Russian ADRs Gain as EU Ends Meeting Without Sanctions

OAO TMK, a maker of pipes for oil and gas producers, led a gain in U.S.-traded Russian stocks as European Union ambassadors ended a meeting without a decision on new sanctions linked to the Ukraine war.

The company’s American depositary receipts rose 2.6 percent to $9.86 in New York yesterday. It was the best performance on the Bloomberg Russia-US Equity Index, which increased 0.1 percent to 87.22 after reversing a loss of as much as 0.5 percent. Natural-gas producer OAO Gazprom added 1.3 percent to $7.55, ending a two-day drop. Futures on the dollar-denominated RTS index expiring this month gained 0.9 percent in U.S. hours.

Stocks rose as an EU official, speaking on condition of anonymity, said diplomats ended a meeting without deciding whether to impose new sanctions on Russia or when penalties would take effect. They’re gathering amid an uneasy cease-fire between Kiev and rebels in the east. Ukrainian President Petro Poroshenko said that Russia, which denies involvement in the conflict, has withdrawn more than two-thirds of its troops.

“It showed that further sanctions weren’t imminent,” Walter “Bucky” Hellwig, senior vice president at BB&T Wealth Management in Birmingham, Alabama, which oversees $17 billion, said by phone yesterday. “It buys some time. The worst outcome was averted for now as Russia was pulling its troops back.”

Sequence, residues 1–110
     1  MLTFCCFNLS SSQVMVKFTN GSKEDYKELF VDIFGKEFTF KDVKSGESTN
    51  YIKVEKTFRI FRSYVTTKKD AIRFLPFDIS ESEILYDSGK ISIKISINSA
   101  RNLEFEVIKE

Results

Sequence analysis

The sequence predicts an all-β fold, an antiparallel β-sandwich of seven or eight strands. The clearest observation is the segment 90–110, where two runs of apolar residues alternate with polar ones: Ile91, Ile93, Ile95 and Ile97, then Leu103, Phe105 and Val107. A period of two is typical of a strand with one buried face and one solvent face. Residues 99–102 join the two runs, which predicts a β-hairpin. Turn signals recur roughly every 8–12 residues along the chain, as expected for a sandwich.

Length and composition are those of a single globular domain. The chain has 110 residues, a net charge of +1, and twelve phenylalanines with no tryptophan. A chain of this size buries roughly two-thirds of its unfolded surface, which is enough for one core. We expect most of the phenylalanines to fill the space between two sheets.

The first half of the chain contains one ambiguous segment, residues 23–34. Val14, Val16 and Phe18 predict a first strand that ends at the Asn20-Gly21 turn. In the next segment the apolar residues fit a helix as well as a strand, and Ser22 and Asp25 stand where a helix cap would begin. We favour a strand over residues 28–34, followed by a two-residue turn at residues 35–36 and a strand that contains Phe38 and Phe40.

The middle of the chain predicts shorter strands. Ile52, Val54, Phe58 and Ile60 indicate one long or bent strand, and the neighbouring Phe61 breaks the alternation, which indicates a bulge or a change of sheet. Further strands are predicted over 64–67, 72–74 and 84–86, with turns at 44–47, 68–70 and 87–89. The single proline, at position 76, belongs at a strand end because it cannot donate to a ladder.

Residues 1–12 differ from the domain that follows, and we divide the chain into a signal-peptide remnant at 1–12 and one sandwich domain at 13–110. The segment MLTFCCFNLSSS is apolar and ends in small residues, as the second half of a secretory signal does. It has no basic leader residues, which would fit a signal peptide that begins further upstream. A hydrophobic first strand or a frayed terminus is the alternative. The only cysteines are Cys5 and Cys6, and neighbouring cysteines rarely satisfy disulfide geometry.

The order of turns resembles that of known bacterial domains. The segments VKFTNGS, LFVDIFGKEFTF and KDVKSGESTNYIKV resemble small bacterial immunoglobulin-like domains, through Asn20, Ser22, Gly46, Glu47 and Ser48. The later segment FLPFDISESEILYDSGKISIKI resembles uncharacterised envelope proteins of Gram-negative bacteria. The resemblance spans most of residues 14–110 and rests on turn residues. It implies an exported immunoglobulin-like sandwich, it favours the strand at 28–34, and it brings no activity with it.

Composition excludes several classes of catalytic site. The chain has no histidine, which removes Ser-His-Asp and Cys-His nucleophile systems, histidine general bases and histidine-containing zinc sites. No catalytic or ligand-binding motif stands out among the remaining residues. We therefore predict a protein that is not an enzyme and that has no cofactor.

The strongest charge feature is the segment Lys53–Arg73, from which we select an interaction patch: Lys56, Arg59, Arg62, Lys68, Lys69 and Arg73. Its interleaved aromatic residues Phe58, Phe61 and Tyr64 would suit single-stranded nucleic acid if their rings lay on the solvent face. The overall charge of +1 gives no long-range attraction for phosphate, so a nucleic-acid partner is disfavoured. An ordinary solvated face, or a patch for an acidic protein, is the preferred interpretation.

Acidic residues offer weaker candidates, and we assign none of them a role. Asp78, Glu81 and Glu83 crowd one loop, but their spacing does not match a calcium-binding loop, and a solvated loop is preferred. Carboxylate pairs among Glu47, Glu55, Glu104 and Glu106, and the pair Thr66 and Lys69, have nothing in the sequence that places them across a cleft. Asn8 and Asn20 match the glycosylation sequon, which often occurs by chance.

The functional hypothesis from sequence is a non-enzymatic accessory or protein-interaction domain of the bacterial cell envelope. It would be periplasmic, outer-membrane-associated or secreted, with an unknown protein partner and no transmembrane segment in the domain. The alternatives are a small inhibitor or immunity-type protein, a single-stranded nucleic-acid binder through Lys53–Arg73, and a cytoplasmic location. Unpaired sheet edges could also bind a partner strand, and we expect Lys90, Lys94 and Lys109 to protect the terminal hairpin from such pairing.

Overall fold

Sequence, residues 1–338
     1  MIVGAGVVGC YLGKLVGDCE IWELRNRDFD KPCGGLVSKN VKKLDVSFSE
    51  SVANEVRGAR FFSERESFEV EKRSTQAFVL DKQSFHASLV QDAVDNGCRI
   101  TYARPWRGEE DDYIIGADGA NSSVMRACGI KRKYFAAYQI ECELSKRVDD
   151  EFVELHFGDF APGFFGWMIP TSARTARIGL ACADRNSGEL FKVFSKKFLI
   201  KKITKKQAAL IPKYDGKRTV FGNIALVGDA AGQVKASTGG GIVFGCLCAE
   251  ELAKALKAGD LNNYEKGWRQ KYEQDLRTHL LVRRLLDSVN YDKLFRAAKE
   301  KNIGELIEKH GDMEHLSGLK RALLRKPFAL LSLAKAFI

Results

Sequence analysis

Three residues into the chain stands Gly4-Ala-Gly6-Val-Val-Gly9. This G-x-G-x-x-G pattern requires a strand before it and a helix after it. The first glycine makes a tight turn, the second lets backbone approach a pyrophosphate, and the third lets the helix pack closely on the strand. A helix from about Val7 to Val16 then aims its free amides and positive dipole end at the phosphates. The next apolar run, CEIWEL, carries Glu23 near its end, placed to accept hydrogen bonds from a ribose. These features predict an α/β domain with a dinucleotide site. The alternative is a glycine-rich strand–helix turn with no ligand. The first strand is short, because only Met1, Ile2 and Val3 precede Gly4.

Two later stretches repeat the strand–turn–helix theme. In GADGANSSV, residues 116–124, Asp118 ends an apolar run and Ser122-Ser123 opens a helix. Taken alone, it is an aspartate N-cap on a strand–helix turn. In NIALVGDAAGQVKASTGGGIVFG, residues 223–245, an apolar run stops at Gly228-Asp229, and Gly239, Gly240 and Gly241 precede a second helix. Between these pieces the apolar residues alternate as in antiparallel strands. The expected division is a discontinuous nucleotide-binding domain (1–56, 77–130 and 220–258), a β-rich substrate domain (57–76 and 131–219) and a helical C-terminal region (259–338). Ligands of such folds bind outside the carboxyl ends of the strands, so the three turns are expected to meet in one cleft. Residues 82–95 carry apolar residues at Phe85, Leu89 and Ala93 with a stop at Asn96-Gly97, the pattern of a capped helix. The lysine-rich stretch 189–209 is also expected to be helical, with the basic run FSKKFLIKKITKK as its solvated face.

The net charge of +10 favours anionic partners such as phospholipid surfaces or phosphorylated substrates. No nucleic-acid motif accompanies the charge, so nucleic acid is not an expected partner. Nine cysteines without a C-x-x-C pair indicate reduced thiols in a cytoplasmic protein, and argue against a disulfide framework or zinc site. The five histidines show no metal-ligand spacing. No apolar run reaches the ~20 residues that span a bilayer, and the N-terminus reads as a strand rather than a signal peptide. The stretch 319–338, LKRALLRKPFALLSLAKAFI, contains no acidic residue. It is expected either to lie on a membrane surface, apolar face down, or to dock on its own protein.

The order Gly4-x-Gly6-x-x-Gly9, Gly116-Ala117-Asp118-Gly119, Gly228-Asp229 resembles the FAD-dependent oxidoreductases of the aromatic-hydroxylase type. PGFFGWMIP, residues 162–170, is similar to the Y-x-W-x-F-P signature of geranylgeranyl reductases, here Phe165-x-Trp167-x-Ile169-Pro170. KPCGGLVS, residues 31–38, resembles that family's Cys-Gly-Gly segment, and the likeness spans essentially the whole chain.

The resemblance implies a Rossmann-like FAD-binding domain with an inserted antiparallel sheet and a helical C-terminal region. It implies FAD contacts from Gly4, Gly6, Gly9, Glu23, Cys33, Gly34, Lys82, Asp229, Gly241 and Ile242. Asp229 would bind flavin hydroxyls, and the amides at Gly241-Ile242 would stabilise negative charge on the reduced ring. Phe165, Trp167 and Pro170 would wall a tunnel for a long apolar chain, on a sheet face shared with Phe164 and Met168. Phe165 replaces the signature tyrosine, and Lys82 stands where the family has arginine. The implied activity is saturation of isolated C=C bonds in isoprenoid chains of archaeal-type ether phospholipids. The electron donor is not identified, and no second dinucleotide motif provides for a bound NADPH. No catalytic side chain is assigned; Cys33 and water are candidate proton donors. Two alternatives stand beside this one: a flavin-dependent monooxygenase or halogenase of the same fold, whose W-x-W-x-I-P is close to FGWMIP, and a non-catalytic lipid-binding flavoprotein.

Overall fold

The U.S. and its allies have sought to hurt Russia’s $2 trillion economy by imposing increasingly harsh sanctions that have targeted the energy, banking and defense industries with measures including financing restrictions and export bans. Bank of America Corp. on Sept. 9 cut its forecast for gross domestic product growth to 0.3 percent in 2014 and predicted no expansion next year.

Decision Delayed

EU ambassadors are resuming deliberations today on whether to trigger deeper sanctions or wait longer to see if the cease-fire agreed to on Sept. 5 holds and if Russia backs moves toward a longer-term accord. They have delayed the decision since agreeing to impose further penalties on Aug. 30 after Poroshenko said Russian tanks had entered Ukraine.

“Investors now hope there will be no new sanctions at all as Europe has failed to approve any new measures so far,” Liza Ermolenko, a London-based emerging-market economist at Capital Economics Ltd., said by phone. “As Ukraine reports Russia is pulling troops back and Europe is indecisive on the new measures, cautious optimism is returning to the market.”

Russia’s benchmark Micex Index rose less than 0.1 percent to 1,468.55 in Moscow yesterday, trading at 5.2 times estimated earnings, the cheapest in emerging markets.

‘Temporary Relief’

Future contracts on the Moscow-listed stock of OAO Rosneft, the state-run oil company targeted by sanctions, climbed 0.9 percent in U.S. hours. Contracts on Gazprom increased 1.2 percent. The Market Vectors Russia ETF, the biggest U.S. exchange-traded fund that tracks the nation’s stocks, rose 1.3 percent to $25.07.

Stock investors have endured wide price swings this year amid the tension between Ukraine and Russia and the international response to the conflict. The Bloomberg index of the most-traded Russian shares in the U.S. has rebounded 13 percent from its March 13 low and is still down 15 percent this year. The gauge’s 50-day historical volatility rose to 24 percent yesterday, the highest in three months.

While yesterday’s developments were a positive sign, they were “just a temporary relief,” BB&T Wealth Management’s Hellwig said.

“No one seems to have any quick solution to the crisis,” Hellwig said. “Things are so unpredictable that we have to watch the situation hour to hour.”

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